Those corny Chick-fil-A cows can’t spell a lick, but over the past 22 years they’ve sold millions of chicken sandwiches and saved the lives of herds of their four-legged friends.
Now the flourishing restaurant chain is putting the cows out to pasture — all in the name of change.
No one has a beef against the cows. They’ve been loyal, recognizing that when customers eat chicken sandwiches, they aren’t ordering burgers.
The late S. Truett Cathy founded The Dwarf Grill in 1946. Named because of its size, it fed generations of workers at a nearby Ford plant and the Atlanta airport. He perfected his trademark boneless chicken breast at that Hapeville location which became The Dwarf House.
Cathy opened his first quick-service restaurant in 1967 at a shopping mall in southwest Atlanta. The cows came along when the company began to expand into freestanding operations in 40 states.
The cows were the brainchild of an advertising agency in Texas. They helped Chick-fil-A become the nation’s largest chicken chain with annual sales of more than $5 billion.
Cathy died in 2014, and earlier this year the company hired a new marketing director. He has fired the agency and says the cows are nothing more than the company mascot.
“That’s what marketing directors do,” said retired advertising guru Jack Basset. “They fire advertising agencies. I wouldn’t be surprised to see them change the logo.”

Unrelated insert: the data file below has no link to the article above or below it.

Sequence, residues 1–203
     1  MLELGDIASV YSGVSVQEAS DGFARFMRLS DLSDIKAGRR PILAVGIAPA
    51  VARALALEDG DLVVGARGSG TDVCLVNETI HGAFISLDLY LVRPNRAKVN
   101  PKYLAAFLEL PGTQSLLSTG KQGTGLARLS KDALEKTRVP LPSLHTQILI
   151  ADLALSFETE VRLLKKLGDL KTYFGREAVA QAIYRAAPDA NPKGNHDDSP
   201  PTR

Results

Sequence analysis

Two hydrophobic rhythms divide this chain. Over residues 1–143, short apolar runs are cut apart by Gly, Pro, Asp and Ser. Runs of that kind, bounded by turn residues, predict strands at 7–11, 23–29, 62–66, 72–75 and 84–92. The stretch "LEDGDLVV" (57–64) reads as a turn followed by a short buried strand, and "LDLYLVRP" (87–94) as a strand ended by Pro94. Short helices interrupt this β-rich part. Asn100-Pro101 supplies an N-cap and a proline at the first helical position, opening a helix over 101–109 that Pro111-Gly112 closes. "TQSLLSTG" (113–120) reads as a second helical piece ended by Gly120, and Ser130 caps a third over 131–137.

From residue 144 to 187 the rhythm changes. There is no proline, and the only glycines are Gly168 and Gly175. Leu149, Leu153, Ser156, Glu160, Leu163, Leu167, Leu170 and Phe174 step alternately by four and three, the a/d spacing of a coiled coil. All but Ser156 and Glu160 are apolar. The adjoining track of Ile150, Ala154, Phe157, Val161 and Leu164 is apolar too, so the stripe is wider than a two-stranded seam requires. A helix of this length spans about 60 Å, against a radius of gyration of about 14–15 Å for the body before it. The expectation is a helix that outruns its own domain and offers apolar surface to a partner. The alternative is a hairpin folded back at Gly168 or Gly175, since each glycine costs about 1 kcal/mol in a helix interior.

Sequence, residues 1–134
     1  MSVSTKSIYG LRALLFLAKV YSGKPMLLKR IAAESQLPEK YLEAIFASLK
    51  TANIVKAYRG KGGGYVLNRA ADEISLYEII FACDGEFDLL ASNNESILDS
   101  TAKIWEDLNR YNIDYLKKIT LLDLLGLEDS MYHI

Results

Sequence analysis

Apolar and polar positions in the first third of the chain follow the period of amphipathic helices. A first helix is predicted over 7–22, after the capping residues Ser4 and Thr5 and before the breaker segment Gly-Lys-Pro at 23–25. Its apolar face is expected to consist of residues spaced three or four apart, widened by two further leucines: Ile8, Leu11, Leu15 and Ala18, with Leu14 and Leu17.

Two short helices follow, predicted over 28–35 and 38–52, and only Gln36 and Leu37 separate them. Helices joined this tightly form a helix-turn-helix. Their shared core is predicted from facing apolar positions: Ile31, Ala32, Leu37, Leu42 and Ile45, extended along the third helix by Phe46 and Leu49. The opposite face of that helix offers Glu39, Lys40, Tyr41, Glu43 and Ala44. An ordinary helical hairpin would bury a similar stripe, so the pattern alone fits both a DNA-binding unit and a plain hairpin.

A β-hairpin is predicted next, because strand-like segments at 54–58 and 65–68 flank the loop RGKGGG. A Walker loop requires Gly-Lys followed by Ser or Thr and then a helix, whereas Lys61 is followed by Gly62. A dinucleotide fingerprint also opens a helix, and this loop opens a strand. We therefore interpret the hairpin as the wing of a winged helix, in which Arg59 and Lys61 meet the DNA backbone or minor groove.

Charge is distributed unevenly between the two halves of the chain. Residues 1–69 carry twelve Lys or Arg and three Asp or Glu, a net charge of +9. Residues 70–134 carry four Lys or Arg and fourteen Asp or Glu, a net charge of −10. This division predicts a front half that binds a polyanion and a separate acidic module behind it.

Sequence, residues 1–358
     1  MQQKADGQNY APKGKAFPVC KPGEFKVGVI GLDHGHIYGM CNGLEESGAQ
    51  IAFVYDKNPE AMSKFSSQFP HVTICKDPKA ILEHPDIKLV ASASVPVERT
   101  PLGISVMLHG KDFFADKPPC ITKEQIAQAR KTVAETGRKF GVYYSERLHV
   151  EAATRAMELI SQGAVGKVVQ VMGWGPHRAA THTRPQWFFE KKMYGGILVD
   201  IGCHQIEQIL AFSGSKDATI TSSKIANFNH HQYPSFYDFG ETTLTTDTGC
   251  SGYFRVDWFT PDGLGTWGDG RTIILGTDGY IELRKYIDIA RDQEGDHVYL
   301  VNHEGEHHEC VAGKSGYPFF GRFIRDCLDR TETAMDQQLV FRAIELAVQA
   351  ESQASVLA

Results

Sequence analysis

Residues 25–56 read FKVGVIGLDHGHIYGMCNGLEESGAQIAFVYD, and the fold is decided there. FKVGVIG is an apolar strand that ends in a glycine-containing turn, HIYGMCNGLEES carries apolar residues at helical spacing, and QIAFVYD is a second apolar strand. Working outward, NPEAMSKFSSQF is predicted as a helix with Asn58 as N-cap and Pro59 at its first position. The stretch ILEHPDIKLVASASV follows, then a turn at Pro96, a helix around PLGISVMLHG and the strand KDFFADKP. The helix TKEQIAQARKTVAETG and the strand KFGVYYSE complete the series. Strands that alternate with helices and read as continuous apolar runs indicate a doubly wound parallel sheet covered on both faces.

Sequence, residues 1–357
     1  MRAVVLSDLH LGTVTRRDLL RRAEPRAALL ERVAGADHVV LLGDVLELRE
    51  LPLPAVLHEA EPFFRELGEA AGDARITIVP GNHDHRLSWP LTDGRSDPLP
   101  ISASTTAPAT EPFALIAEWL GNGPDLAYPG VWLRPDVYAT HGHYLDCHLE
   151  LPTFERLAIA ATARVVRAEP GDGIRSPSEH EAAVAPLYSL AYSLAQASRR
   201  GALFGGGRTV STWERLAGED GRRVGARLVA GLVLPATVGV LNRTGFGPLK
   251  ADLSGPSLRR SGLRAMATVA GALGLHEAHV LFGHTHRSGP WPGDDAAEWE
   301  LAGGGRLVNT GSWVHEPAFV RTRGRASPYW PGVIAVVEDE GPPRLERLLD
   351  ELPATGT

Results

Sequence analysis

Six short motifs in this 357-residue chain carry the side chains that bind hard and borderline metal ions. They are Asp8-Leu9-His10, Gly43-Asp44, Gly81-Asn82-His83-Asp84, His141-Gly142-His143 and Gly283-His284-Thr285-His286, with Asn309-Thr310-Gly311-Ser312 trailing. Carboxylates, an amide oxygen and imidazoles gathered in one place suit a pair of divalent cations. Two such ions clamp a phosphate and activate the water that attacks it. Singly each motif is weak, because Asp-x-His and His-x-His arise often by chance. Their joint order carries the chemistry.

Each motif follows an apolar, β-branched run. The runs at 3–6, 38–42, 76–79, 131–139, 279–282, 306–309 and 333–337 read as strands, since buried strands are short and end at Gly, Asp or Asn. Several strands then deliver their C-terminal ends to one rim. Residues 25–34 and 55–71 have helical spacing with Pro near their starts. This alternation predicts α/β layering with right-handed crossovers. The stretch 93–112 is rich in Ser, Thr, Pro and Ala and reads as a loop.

Basset’s gifted soul is behind scores of local ad campaigns, including memorable TV spots where he cajoled Country’s Barbecue owner Jim Morpeth to pour glasses of iced tea on his head. Basset said clients must ask the question: Does it work for me?
“Mr. Cathy liked the cows. He liked that corny style of advertising. And it has been a great campaign. They’re running a great risk by making the change.”
Perhaps the sophisticated new guy doesn’t think the cows will sell outside the South. They’ve abandoned their original cole slaw in favor of a trendy kale salad and are tinkering with the menu that got them to the top.
Chick-fil-A’s move is akin to Coca-Cola’s disastrous switch to New Coke in 1985. It’s like Dan Amos clipping the wings of the Aflac Duck. Next thing you know, they’ll be opening on Sundays.
Richard Hyatt is an independent correspondent. Reach him at firstname.lastname@example.org